As it turned out, the atmosphere of remote Pluto is even colder than scientists could have guessed. At the moment, scientists are inclined to think that the atmosphere of a dwarf planet is gradually cooling down, and the culprit is the smog.
“It’s the mist that is responsible for the atmospheric cooling of Pluto,” said study author Xi Zhang, a planetologist from the University of California at Santa Cruz. He and his colleagues describe the results of a new study in the November 16 issue of Nature.
When the spacecraft New Horizons (NASA) flew near Pluto in July 2015, his scientific instruments determined that the atmosphere of the dwarf planet was about -203 ºC, which is only 70 degrees above absolute zero. And, besides, it’s somewhere 30 degrees colder than the researchers expected.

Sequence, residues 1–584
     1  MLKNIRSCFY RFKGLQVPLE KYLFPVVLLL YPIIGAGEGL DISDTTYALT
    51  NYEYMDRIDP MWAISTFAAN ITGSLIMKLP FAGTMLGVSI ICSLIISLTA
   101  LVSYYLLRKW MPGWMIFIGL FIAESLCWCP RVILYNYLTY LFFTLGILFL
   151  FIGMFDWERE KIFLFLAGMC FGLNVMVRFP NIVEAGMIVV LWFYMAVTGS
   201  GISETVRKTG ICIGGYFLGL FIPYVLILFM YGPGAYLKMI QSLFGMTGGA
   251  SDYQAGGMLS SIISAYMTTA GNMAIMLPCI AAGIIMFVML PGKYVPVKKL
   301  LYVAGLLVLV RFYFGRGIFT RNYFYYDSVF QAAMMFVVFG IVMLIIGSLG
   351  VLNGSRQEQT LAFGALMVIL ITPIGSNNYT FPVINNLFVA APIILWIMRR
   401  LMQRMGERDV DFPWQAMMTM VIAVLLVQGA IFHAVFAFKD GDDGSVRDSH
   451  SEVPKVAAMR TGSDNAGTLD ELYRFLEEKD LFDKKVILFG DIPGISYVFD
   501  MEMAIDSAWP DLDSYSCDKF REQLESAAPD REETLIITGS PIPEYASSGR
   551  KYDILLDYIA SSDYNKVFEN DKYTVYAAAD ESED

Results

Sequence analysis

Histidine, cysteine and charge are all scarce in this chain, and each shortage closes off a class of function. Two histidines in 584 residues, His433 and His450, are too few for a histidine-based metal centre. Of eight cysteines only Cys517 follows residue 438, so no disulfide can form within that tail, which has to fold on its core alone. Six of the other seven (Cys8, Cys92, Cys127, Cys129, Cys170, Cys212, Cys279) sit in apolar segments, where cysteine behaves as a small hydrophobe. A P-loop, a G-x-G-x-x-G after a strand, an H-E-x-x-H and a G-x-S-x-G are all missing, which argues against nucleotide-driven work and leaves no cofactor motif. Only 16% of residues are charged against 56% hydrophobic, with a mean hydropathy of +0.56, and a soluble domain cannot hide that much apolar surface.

Finding out how the atmosphere of Pluto functions is extremely important for understanding the atmospheres of other ice worlds, at what, as in our Solar System. So and beyond. in the solar system and beyond.
“As long as we do not know the cause of low temperatures, we can not talk about the temperatures of other ice bodies,” says Leslie Young from the Southwest Research Institute in Bulder (Colorado, USA).
The atmosphere of Pluto consists mainly of nitrogen with admixtures of methane and similar gases. In the atmosphere of a dwarf planet at an altitude of 500 to 1,000 kilometers above its surface, sunlight causes chemical reactions that convert some of these gases into solid hydrocarbon particles. Then they descend to a height of 350 kilometers above the surface of Pluto in order for the various chemical chains. By the time they reach the 200-kilometer height, the particles are transformed into thick layers of fog, a thick haze of which was noticed by the spacecraft New Horizons.